The 2010 North American International Auto Show in Detroit puts to rest once and for all any questions about whether electricity will be integral to the vehicle powertrains of tomorrow. A sampling of this year’s Detroit announcements reveals different directions depending on whose electric navigation screen you’re viewing at any given moment.
General Motors: Volt and Converj
Motown’s home-towners have been signaling electric directions for several years now. General Motors continued the drumbeat for the Chevy Volt. Last week GM announced that it had built its first lithium ion battery pack at a special battery assembly plant located downriver from Detroit. On the eve of the Detroit show, GM Vice Chairman announced that the Cadillac Converj, a sporty luxury plug-in hybrid coupe, will go into production around 2013.
Ford: Full Spectrum of Hybrid to Electric
The real hit was the news that the Ford Fusion Hybrid won the 2010 Car of the Year award. The company also reiterated its plans for a battery-powered Focus, which in its new gasoline engine guise was Ford’s top-billed new product at the show. Ford’s electrification plans also feature home-state investments, with announcements that the Focus zero-emissions vehicle along with its plug-in models and next-generation plug-free hybrids and key components will be built in Michigan. Noting that he had been an efficiency advocate for many years, Chairman Bill Ford stated how he’s “now pleased to be preaching to the choir.”
Volkswagen: Electric Along with Diesel
What really underscores the industry’s unanimity on electrification is Volkswagen’s New Compact Coupe (NCC) concept, which mates a hybrid powertrain to their TSI gasoline engine. The vehicle is a veritable advanced technology showcase, with a hybrid system backed by a lithium battery and its turbocharged, direct-injection engine backed by a 7-speed direct-shift gearbox. The NCC concept promises 45 mpg in combined city-highway driving and an 8.1 second zero-to-sixty time. When the denizens of diesel amp up their electric strategy, you’ve got to know it’s here to stay.
BMW: Small and Electric
Any further amplification that might have been needed is provided by the next step in BMW’s electrification plan. Also coming from diesel-loving Deutschland, the Active E will be an all-electric version of the BMW 1 Series and is destined for a limited test market next year. With the lithium battery modules distributed under the front hood, center tunnel and where a gas tank might have been, the design carries ample capacity for its promised 100-mile real-world range without any impact on passenger space. The one compromise is a bulge covering the power electronics that intrudes in the hatchback area behind the rear seats. Although the Active E itself will not go into full production, BMW emphasized that it’s the next milepost along the way to their future purpose-built, all-electric Mega City Vehicle.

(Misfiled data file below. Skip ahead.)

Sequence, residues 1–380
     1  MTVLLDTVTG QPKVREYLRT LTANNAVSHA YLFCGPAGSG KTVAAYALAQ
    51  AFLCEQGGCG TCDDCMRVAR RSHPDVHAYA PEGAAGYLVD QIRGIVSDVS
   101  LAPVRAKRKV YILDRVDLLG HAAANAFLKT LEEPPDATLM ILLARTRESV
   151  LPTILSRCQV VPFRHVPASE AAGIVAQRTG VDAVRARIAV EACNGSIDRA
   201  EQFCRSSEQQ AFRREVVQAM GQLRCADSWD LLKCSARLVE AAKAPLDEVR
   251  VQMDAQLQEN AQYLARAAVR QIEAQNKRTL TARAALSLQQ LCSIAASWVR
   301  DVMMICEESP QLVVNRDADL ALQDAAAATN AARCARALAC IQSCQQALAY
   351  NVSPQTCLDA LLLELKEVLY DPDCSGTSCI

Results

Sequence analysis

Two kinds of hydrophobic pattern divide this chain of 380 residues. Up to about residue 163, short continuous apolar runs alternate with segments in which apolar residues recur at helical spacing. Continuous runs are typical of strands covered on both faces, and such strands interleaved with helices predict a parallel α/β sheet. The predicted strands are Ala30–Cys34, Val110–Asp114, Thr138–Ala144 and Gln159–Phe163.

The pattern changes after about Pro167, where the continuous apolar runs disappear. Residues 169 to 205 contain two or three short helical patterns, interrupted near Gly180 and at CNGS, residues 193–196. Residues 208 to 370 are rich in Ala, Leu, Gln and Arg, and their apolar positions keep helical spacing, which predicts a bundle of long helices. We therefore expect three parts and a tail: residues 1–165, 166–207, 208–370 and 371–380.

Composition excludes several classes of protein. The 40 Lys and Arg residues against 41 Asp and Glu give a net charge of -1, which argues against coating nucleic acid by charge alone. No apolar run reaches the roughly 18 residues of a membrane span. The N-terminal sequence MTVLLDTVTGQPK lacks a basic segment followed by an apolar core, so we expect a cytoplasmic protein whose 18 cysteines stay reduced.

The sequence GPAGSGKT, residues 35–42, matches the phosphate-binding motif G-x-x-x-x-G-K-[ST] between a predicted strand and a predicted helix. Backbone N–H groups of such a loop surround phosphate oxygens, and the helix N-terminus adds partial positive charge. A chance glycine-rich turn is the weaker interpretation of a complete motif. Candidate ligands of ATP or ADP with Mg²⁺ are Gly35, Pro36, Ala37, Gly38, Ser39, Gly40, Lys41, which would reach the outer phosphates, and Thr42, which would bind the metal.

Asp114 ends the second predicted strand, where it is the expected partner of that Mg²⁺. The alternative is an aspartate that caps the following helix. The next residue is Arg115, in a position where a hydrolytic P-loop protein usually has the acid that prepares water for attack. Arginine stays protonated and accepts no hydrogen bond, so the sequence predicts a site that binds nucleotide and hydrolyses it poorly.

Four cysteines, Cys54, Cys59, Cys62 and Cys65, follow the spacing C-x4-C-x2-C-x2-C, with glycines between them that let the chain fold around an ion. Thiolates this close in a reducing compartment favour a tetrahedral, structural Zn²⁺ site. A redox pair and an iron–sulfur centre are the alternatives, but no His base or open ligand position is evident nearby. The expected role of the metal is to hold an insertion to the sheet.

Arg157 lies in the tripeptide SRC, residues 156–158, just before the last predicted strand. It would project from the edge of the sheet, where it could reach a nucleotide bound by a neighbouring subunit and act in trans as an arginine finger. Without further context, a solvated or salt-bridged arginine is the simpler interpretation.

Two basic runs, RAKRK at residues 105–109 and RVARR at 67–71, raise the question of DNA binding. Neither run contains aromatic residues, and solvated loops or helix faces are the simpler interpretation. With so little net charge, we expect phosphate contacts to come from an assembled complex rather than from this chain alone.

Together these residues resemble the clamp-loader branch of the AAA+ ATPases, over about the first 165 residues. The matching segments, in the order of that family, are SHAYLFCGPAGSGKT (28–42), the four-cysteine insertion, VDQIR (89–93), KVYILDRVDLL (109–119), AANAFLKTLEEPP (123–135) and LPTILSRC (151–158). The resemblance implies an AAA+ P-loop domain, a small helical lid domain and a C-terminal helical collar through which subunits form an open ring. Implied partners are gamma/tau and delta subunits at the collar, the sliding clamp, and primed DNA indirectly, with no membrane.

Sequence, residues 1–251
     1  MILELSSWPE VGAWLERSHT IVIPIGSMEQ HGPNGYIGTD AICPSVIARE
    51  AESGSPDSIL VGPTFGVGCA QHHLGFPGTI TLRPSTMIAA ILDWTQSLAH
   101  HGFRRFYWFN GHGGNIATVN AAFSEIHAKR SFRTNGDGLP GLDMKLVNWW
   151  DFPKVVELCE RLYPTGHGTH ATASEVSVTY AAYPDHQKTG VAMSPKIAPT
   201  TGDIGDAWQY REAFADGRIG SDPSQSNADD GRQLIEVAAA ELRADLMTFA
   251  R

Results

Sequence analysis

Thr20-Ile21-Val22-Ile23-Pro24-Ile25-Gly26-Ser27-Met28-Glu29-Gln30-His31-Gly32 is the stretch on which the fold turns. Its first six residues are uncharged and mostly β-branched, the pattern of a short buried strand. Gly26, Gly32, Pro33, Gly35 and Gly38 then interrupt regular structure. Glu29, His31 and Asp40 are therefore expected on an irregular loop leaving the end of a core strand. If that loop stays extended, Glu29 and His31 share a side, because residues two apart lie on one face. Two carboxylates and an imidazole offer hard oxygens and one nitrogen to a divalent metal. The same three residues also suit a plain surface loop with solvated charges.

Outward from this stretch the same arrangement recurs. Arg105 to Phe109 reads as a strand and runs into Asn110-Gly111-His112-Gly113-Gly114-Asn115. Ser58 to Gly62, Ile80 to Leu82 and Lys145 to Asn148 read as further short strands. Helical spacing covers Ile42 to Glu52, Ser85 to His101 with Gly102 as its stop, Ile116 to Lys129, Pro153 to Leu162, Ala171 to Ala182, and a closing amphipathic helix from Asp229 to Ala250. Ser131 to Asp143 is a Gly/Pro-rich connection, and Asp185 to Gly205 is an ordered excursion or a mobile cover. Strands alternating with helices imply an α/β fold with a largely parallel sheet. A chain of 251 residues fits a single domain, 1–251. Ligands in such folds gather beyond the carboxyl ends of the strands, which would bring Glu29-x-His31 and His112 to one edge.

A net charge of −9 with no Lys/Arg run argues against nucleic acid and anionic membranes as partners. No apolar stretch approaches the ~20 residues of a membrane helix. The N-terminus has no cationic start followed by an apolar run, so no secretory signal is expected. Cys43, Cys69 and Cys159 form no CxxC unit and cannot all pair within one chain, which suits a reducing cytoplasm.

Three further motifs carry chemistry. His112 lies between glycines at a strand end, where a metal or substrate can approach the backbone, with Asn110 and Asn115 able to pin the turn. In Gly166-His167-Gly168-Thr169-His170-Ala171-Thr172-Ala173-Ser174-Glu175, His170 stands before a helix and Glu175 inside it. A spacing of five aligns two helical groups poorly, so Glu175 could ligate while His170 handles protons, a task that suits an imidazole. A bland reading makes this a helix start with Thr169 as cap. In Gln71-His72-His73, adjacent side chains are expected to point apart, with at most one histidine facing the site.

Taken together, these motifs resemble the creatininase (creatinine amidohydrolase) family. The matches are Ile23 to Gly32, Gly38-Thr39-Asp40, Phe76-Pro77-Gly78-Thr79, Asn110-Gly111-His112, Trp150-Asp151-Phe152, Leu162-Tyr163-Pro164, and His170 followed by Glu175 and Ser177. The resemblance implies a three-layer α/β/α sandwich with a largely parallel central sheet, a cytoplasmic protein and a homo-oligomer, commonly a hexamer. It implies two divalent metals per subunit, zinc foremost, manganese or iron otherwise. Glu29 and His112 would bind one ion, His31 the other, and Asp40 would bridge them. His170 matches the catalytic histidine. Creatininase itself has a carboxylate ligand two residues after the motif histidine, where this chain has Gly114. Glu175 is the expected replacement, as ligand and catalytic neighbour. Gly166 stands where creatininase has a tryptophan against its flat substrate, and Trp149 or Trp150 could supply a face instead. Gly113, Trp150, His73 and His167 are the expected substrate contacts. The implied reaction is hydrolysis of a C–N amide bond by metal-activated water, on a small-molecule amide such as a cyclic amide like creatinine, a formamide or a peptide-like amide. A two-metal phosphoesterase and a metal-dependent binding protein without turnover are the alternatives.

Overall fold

Nissan: Full Speed Ahead
The Nissan Leaf, the only car that Nissan brought to Detroit, helped anchor the show’s “Electric Avenue,” a collection of electric-drive hopefuls situated along a back wall of Cobo Hall. The exhibit featured offerings from several EV startups, including several Automotive X-Prize contenders along with some more established efforts such as Mitsubishi’s iMiEV. Tesla, on the other hand, earned itself more prominent show space, next to its chassis development partner Lotus and across from mainstream high-enders Mercedes-Benz and Audi.
Honda: Small Hybrids
Very different electric directions are apparent from the industry’s early green leaders, Toyota and Honda. There’s nothing cautious, of course, about the Honda CR-Z. Harking back to the CR-X pocket rocket, the new two-seater promises a big dose of zip along with hybrid electric drive zap. Slated for launch this summer, the CR-Z uses Honda’s proven hybrid technology, applying its IMA (Integrated Motor Assist) system plus a 1.5-liter iVTEC engine.
Honda CEO Takanobu Ito—who earlier in his career was part of the team that developed the CR-X—was quite clear, however, that the company still doesn’t view plugging in as quite ready for prime time. He said they are researching a short-distance all-electric commuter car, leaving unstated any plans for moving beyond research and into product development.
Toyota: Family of Priuses
Toyota’s news was the FT-CH hybrid concept car. A “don’t touch me yet” mock-up lit up the stage, sketchy on details except it will be 22 inches shorter than the Prius. The CH in the name stands for Compact Hybrid, and Toyota is targeting the car for a lower price to appeal to a younger, less-affluent but city-hip demographic. Toyota also announced that it is going forward with a Prius brand family, a marketing strategy that Toyota Motor Sales USA President Jim Lentz said is still taking shape but which will take the Prius beyond a single product and into a set of models bearing the now iconic Prius name.
Yet to hear Toyota’s guarded reiteration of its plans for plug-in hybrids, it seemed obvious that the company was maintaining its circumspection about grid-connected mobility. While other makers’ plug-in plans tout more reaching range numbers, Toyota underwhelms when talking about the Prius Plug-in Hybrid. The car will be “capable of a maximum electric-only driving range of about 13 miles,” said Lentz, and “highway speeds of more than 60 mph in electric-only mode.” Hearing such muted tones of caution makes the electrified sounds from other corners sound like cheerleading.
And so, now steering into the 21st century’s second decade, everyone in the industry agrees that Electric Avenue is indeed the road to follow. Where they don’t agree is on how many charging stations we’ll find—or even need—along the way.